Sustained budget cuts having severe impact on treatment system

The treatment sector’s ability to absorb funding cuts through efficiency savings and service redesign has been ‘exhausted’, according to the latest State of the sector report.

There has already been ‘substantial service redesign and some hard decisions made’ and the system is starting to buckle under the pressure, says the document, which is based on stakeholder interviews and published by Adfam on behalf of the Recovery Partnership. While there had so far been no serious compromise in service quality or safety standards, the capacity of the sector to respond to further cuts ‘has been seriously eroded’ on the provider side and increasingly in terms of commissioning capacity as well, it warns.

‘The sector has passed the point at which efficiencies and service remodelling can continually compensate for the loss of funding, and moved into a period where choices about service configuration have become much harder,’ it states.

A high turnover of commissioners is causing concerns about loss of expertise, and there are ongoing worries about rising caseloads and erosion of service capacity, it warns, with some areas ‘losing valuable one-to-one support’ and many services using volunteers out of necessity. The previous State of the sector document – the third – had already found that almost 60 per cent of residential services and 40 per cent of community services were reporting deceases in funding (DDN, April 2016, page 5). Only central government intervention can now protect the sector from further cuts, the latest report states, as there ‘appears to be high variation locally in priorities and ways of working’.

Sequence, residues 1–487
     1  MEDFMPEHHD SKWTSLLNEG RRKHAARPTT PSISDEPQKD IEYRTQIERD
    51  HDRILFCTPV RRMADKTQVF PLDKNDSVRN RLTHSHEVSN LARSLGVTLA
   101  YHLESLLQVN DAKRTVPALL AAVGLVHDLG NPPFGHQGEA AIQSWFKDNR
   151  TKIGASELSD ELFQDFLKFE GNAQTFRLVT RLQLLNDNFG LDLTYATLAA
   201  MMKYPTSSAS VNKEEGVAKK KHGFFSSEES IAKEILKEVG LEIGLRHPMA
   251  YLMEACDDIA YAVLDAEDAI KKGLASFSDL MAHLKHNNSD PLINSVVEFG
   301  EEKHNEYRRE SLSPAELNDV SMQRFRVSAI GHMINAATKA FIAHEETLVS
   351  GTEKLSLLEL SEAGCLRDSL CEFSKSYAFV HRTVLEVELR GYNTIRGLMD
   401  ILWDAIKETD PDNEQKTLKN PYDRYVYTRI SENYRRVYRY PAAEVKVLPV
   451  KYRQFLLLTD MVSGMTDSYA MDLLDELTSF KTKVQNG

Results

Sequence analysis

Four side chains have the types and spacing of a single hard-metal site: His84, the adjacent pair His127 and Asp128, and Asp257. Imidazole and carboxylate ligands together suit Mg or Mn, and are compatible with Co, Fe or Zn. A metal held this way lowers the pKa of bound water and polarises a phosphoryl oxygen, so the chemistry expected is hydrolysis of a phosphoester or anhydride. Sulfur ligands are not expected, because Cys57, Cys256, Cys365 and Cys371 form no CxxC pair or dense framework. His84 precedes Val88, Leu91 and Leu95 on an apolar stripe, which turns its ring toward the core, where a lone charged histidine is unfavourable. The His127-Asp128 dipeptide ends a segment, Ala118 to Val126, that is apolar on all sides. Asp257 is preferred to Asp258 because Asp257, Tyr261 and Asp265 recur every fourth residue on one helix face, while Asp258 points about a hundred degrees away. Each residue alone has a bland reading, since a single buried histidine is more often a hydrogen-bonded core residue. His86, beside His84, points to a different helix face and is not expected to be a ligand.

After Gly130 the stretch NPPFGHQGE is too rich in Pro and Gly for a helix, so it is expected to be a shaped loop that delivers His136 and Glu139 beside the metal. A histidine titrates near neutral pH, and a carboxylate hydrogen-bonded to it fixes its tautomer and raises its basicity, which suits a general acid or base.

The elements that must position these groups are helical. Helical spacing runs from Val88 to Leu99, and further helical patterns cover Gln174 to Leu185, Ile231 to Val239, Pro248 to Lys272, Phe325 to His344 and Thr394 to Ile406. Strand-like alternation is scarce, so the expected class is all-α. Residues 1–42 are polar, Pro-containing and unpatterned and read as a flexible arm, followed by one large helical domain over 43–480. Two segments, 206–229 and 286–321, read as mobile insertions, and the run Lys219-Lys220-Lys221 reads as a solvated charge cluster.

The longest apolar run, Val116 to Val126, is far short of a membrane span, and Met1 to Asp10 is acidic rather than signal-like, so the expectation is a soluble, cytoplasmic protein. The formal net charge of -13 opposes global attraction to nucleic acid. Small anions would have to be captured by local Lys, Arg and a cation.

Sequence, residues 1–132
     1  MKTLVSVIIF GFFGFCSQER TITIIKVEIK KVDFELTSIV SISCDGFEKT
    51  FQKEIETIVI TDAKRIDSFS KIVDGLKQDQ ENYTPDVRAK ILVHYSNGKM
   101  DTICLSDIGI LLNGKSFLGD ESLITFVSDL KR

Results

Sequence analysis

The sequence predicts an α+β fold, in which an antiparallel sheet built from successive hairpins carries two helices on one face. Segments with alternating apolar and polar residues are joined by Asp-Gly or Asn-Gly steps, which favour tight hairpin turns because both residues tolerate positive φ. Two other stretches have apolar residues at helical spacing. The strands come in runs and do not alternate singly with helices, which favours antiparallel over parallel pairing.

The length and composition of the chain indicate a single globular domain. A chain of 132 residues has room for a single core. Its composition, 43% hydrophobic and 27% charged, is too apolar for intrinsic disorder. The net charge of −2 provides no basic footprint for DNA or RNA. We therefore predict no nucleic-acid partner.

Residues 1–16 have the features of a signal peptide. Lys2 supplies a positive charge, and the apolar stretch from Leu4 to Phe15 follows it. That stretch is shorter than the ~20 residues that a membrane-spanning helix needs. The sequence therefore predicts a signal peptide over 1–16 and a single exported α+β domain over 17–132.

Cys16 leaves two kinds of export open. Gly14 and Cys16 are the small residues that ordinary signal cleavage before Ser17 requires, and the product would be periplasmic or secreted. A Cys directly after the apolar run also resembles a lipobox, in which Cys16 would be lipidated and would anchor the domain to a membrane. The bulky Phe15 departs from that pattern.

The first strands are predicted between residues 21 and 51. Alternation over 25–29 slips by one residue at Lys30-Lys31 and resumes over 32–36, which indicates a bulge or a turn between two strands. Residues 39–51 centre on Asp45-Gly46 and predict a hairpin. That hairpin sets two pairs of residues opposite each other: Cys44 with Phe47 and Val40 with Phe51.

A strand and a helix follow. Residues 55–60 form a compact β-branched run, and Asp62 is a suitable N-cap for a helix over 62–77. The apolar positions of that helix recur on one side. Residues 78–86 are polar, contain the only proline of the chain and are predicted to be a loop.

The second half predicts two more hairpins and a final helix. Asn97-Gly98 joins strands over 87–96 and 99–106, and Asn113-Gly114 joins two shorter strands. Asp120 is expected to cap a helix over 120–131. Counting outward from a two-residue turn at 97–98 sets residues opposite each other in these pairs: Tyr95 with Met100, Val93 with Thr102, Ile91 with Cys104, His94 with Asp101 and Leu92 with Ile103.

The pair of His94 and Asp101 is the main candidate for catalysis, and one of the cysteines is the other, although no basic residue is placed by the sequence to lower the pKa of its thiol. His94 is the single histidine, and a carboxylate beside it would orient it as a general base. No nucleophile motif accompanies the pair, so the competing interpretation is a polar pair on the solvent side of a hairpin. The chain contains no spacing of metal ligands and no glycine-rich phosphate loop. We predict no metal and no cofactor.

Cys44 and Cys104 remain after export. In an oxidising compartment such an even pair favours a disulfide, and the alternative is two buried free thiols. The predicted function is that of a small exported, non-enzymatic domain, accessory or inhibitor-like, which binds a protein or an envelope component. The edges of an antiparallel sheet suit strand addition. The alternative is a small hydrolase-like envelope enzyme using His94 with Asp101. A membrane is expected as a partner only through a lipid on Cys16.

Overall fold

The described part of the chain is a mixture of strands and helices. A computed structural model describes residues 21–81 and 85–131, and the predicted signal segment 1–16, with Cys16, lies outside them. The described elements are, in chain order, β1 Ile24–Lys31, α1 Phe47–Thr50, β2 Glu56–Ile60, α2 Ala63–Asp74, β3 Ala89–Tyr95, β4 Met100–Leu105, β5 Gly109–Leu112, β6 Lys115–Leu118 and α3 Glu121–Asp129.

Vivienne Evans: ‘Potentially serious damage is being done to the treatment system.’

The report had uncovered ‘worrying signs that potentially serious damage’ has been done to the treatment system, said Adfam chief executive Vivienne Evans. ‘These findings echo those of the Advisory Council on the Misuse of Drugs in their powerful commissioning report released in the autumn’ (DDN, October, page 4). While there were ‘many wonderfully talented and dedicated people’ working in the sector, funding pressures meant they were ‘unable to deliver to the gold-standard we’d all like to see’, she stated, leaving ‘some vulnerable people with substance misuse problems not able to get the help they need’.

State of the sector 2017 – beyond the tipping point at

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